People often see therapy as a last resort, but you don't have to be at rock-bottom to benefit from it, says clinical psychologist Dr Jacqui Winship.
With the right help, even those of us who are 'doing okay' can come to feel more connected to who we are, our lives and the people around us, she tells Kathryn Ryan.
Rather than it being a sign of weakness to go into therapy – indicating someone isn't tough enough to cope on their own – the process actually demands a lot of strength and courage, Jacqui says.
"It can be painful and difficult as you journey inwards and get to know things that have been holding you back in life."
The Sopranos and other TV shows have helped change attitudes.
That show, in particular, was insightful into the therapist-client relationship and also realistic in depicting a therapist with troubles of her own, she says.
While co-writing the new book The Talking Cure (with psychology professor Gillian Straker), Jacqui was supporting her husband through serious illness.
"The day that we sent the manuscript to the printer, [seconds after] we pressed 'send', I got a phone call from my husband with some news that essentially meant he was in the very last terminal stages [of cancer].
"Just because I'm a therapist doesn't mean that I could weather that without the support and help of others."
- Related: Both sides of the couch- when a therapist goes to therapy (Afternoons, December 2019)
In her work, Jacqui uses a 'relational' method which is more active and collaborative than some other forms of therapy.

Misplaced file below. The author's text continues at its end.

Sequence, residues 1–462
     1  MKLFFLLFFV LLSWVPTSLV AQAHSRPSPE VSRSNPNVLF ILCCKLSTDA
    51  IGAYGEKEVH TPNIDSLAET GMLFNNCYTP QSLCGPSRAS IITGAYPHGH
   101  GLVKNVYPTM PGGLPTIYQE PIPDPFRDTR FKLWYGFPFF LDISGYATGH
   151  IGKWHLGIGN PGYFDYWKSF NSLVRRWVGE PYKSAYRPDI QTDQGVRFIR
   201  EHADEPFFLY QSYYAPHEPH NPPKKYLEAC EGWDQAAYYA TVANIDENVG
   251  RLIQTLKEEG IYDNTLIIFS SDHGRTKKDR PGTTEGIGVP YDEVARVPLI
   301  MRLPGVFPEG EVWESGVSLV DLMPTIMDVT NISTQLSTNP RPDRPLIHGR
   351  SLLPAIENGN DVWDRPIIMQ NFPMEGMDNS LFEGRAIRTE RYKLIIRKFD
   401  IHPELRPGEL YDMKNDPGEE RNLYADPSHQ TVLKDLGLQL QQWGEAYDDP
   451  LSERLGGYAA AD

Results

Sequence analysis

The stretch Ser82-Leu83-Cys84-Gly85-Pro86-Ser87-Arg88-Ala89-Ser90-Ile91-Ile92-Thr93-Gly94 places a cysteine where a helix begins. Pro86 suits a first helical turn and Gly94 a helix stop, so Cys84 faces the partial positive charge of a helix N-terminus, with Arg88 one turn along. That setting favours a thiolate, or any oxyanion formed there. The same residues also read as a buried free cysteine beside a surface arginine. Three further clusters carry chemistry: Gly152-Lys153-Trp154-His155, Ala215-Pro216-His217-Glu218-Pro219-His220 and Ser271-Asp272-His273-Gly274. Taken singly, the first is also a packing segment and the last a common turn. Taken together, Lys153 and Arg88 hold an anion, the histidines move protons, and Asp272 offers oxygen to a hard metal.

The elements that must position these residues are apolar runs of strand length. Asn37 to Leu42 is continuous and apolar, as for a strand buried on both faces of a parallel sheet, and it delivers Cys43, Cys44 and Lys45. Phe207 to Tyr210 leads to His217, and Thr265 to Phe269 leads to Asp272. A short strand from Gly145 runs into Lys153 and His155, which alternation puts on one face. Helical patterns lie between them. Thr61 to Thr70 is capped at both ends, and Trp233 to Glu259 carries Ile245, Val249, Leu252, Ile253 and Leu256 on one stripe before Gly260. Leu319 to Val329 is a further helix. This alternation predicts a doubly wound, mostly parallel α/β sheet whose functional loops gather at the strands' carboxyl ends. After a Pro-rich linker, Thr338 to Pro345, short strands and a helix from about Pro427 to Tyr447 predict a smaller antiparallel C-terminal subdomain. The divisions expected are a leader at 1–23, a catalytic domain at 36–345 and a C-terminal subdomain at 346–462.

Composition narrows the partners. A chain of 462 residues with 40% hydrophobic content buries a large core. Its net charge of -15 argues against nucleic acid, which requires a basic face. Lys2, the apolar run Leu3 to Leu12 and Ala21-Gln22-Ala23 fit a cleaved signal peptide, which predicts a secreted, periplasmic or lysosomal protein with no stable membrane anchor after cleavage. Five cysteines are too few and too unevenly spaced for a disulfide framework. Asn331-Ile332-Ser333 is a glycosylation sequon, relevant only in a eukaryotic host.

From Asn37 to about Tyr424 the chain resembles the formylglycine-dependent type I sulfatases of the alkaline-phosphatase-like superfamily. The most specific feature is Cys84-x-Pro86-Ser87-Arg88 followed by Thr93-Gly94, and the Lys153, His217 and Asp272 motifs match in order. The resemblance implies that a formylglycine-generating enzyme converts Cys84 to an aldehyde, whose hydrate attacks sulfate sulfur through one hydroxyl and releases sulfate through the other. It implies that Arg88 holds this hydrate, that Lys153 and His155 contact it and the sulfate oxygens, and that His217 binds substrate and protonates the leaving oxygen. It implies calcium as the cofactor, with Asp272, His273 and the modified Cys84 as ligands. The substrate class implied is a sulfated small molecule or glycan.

During a session, she will think about how she herself is feeling in the company of the client. She'll then feed this information back so the two of them can talk it over together.
If someone becomes defensive whenever Jacqui makes a suggestion, she may feel shut out by them, for example.
"I'll reflect on that feeling and think to myself 'what is this telling me about the way this particular patient feels in themselves and how they function in the world?'
"I might be able to say to them 'I'm noticing this is what happens … is this something you play out in other relationships and what might be underlying it? You're actually using the data – in the room – of how you and the patient are relating to gain a deeper understanding of their internal world."
The Talking Cure features nine therapy clients who are all fictional amalgams of Jacqui and Gillian's clients.
In one chapter – Projecting Blame, Avoiding Shame: Why is it unbearable for me to be in the wrong? – a female character named Sharleen comes to therapy outraged after discovering her husband is having an affair.
Eventually, it becomes clear to the therapist that – despite having reason to be outraged in the case of her husband – Sharleen is incapable of thinking she herself is ever in the wrong.
The therapist soon notices this playing out in their sessions when Sharleen turns accusatory if there is any disagreement.
Why would someone have such a defence mechanism?
It's the therapist's job to understand, Jacqui says.
Often our defences relate back to early childhood 'scripts' we're still playing out.
Therapy can reveal these to us – and this awareness can bring more capacity for change, she says.
"There is a lot to be gained from making that leap of doing okay in life to really feeling more connected to your life, with who you are and the people around you – and therapy can help with that."
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